I am loving it.
I would be lying if I said that my reasoning for picking up Eternal Sonata had nothing to do with the musical themed world that it presented. I didn’t care if the reviews for it were good or not. I didn’t care if the story itself actually turns out to be good or not. What drew me to it was that an entire world was built around music and musical terms. The nostalgia factor is what made me buy this game. Most of my childhood revolved around music. I started piano lessons when I was in Kindergarten and progressed to trumpet when I was a preteen. The only thing that rivals my love of gaming, and even reading, is music.
The characters all have music inspired names like Beat, Allegretto (a quick beat between moderato and allegro)—affectionately called Retto by the other characters—and Polka, and even the cities have names from various musical terms like Ritardando (“to slow down”). So, I’ve been having a bit of a music geek moment shouting out definitions to the musical terms that I’ve encountered so far, telling my kids what they mean. My son is actually showing interest in the music terms.
However, this game is really a gem in disguise. I’ve gone into it not knowing what to really expect. My mother-in-law played it and loved, but she’s been mum on what the story is about. (And yes, I’m a gamer who married into a family of gamers.) I’m only about an hour into the game at this point. Have fought my first big battle using the brothers, Retto and Beat, and the opening credits just rolled. There’s been some beautiful opening scenes that have showed a world that is vibrant and colorful, but touched with a bit of melancholy as the players learn a bit about Polka’s fate.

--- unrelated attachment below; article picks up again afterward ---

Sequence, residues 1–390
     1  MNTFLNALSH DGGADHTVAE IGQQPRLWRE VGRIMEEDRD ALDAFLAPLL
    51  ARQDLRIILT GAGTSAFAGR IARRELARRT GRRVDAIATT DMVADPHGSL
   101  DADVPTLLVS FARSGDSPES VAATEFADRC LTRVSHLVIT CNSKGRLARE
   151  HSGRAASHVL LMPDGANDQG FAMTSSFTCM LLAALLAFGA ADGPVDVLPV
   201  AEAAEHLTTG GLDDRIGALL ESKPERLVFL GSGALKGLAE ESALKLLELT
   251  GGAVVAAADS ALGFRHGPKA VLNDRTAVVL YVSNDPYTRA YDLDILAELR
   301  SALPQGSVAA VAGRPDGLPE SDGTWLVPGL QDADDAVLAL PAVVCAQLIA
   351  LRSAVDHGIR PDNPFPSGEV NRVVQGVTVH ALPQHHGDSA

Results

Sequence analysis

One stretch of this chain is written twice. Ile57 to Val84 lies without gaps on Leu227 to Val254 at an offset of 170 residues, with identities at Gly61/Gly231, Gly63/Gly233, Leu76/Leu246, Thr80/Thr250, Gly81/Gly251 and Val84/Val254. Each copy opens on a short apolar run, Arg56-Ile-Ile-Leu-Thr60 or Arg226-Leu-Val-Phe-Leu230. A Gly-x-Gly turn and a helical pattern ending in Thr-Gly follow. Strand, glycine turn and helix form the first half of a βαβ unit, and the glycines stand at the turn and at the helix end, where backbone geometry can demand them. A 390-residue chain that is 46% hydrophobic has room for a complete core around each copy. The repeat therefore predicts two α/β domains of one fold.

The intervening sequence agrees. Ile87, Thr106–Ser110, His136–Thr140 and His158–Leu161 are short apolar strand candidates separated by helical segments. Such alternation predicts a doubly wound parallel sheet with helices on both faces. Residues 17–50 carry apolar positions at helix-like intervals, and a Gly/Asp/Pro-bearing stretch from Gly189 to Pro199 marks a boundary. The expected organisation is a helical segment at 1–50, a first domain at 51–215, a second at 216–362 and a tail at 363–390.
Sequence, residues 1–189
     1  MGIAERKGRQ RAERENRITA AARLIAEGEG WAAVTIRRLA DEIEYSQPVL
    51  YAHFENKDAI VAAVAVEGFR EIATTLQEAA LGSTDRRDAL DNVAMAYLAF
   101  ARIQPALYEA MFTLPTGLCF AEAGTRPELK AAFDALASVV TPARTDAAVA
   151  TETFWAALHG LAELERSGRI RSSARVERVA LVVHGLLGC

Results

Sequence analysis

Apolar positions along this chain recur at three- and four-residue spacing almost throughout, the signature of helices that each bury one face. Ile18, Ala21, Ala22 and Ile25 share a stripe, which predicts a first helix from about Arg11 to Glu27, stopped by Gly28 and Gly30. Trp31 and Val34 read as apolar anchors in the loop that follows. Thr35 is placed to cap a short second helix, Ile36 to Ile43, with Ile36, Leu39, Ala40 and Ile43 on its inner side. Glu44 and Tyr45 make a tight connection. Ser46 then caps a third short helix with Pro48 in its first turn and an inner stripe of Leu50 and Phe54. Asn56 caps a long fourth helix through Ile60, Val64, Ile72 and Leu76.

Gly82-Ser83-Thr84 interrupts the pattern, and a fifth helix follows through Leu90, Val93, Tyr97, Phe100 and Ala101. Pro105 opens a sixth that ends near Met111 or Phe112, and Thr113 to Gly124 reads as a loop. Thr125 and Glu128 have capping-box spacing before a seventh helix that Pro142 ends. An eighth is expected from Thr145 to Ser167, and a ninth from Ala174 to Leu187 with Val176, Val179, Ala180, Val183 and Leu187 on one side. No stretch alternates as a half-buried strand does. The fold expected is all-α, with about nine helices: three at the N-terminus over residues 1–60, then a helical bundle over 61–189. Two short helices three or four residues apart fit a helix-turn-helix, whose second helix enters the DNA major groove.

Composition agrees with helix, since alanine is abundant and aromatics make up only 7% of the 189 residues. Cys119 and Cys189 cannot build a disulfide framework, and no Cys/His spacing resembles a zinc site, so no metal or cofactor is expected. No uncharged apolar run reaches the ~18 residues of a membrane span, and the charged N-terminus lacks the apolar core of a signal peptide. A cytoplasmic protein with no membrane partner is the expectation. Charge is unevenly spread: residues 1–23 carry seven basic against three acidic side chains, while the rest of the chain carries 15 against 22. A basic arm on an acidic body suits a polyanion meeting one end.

Retto has been the breakout character for me thus far. I love using the character because he suits my typical style of play. I like to take the alpha strike rather than being support. But I also like how the character’s personality (and this goes for all of them) is emerging early. Retto and Beat steal bread to feed children in the town of Ritardando. At this point in the game, you don’t know where their parents are—whether they’re orphans, abandoned, or runaways.
Beat is the typical whimsical little brother, but Retto, while compassionate, has a touch of cynicism in him despite his age (early teens). Polka is already proving to be gentle, if not a bit longsuffering, but there’s always one female character that fits this archetype in your classic fantasy-themed roleplaying game. I call it the Aeris Syndrome. I’m looking forward to seeing if a stronger, more abrasive female character is introduced as there typically is—which also has a syndrome that I call the Tifa Complex.
A teenage Federic Chopin is also a character in the game. He's new, so I haven't really gotten a chance to see what his deal is, but I'm starting to get an idea of how this is shaping up, even though the obvious is put out there (this world being a product of his doing), but there are still many questions. The story is already proving to be very entertaining, giving small snatches of this world without being overwhelming or too clichéd. I see many hours of game play in my future.